Very controversially, it must be said here that Broad might well have had telekinesis, mind-reading and even backwards causation in mind when he wrote the above. That alone shows us how problematic the distinction between x being unscientific and x being non-scientific is. That is, that distinction may simply allow too much even when it comes to what's non-scientific: never mind what's unscientific.
In any case, if we forget telekinesis and mind-reading, it's feasible that both string theory and panpsychism can be non-scientific without also being unscientific. However, there's an obvious difference. As stated, string theory is a science and panpsychism isn't. Thus if string theory is either non-scientific or unscientific, then that's a problem. Panpsychism, on the other hand, is only problematic if it's unscientific. Thus if we say that panpsychism is non-scientific (to quote Broad again), “[w]e must not jump from this purely negative statement to the conclusion that it has the positive defect of being unscientific”. The same can't also be said of string theory.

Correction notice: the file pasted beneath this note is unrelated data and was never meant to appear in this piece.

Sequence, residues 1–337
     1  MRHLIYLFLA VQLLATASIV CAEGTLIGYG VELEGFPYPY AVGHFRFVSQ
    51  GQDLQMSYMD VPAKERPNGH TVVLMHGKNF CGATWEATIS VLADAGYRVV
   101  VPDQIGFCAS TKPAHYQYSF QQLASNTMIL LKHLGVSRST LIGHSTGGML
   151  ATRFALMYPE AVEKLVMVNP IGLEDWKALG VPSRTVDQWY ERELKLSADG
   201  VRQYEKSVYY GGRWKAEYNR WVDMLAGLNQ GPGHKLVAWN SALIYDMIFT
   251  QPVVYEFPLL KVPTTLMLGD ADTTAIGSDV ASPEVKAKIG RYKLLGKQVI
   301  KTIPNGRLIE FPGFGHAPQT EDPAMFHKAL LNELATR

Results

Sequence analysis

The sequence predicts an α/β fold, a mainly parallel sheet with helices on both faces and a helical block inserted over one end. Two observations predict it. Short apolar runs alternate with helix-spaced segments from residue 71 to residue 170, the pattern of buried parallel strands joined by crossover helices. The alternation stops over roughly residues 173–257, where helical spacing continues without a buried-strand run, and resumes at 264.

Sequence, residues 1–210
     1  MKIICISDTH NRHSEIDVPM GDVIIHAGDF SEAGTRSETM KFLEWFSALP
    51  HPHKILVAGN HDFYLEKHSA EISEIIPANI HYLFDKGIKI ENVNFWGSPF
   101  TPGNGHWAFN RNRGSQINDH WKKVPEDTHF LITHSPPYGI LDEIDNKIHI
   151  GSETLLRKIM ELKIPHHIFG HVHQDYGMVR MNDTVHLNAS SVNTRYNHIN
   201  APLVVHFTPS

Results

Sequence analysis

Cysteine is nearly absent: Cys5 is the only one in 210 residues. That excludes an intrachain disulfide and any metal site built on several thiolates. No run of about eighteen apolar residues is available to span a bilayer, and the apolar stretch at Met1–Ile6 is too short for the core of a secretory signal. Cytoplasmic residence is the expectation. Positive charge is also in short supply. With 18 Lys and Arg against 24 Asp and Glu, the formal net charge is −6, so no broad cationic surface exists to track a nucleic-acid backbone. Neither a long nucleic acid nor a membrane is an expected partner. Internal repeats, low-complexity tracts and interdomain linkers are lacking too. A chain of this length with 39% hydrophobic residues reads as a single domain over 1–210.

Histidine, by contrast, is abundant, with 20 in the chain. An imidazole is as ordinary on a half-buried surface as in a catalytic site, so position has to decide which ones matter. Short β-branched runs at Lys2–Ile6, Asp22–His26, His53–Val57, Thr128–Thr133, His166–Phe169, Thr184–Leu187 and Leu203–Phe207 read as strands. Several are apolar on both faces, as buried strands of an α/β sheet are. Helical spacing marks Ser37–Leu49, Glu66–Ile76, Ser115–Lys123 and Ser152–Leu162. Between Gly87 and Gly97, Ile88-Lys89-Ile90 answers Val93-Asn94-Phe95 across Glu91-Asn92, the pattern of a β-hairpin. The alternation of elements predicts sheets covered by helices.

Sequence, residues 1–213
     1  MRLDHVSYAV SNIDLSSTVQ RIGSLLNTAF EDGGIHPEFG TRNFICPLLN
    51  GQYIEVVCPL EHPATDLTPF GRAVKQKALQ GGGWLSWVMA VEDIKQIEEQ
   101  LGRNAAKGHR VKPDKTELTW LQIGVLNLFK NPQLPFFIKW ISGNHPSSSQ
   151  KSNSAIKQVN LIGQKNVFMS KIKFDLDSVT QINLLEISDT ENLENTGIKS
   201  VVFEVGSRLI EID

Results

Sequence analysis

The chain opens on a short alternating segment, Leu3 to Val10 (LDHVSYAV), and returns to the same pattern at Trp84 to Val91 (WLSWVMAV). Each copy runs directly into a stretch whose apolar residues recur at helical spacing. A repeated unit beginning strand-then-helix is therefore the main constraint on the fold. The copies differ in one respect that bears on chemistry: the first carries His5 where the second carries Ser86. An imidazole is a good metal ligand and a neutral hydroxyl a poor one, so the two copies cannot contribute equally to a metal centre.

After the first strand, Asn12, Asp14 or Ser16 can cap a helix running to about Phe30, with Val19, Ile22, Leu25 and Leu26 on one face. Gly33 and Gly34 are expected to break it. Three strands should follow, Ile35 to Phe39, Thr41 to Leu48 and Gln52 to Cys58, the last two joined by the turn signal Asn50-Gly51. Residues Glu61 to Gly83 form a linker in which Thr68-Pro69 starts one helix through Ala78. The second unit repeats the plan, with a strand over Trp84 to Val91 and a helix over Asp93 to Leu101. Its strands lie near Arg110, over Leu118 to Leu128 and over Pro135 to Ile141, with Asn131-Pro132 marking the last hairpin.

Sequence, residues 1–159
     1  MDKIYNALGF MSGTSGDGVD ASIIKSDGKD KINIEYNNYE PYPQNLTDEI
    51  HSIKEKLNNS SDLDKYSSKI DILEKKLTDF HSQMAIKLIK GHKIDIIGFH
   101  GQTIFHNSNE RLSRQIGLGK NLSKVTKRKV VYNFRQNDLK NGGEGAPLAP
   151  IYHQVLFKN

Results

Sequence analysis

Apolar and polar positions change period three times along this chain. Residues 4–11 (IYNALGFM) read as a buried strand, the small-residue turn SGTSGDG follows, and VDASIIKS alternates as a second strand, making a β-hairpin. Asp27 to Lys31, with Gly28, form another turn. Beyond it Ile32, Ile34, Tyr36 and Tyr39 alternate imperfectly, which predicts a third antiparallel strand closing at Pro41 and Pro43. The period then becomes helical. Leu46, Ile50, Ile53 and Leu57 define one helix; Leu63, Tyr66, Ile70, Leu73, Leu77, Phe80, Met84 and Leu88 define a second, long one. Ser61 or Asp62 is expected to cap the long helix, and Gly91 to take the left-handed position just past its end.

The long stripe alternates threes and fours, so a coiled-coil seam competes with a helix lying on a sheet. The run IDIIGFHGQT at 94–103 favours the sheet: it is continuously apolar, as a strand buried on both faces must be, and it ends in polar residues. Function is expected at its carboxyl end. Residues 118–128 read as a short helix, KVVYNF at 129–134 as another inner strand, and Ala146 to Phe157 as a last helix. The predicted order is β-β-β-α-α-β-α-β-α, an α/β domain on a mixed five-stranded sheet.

The last statement from Broad is very helpful in this context. Let me re-quote it:
“The latter term ['unscientific'] can be properly used only when a subject, which is capable of scientific treatment, is treated in a way which ignores or conflicts with the principles of scientific method.”
That means that if panpsychism deals with a subject “which is capable of scientific treatment” (and which “is [also] treated in a way which ignores or conflicts with the principles of scientific method”), then we may have a philosophical problem. (We certainly do if we're naturalists.) The point here is that panpsychists will simply claim that panpsychism – or at least most/all of the claims from panpsychists – have nothing whatsoever to do “with the principles of scientific method”. Philosophers may again claim – in the Wittgensteinian sense - that panpsychism and science are non-overlapping worlds. That claim, however, may be both too convenient and simply false. After all, take the following: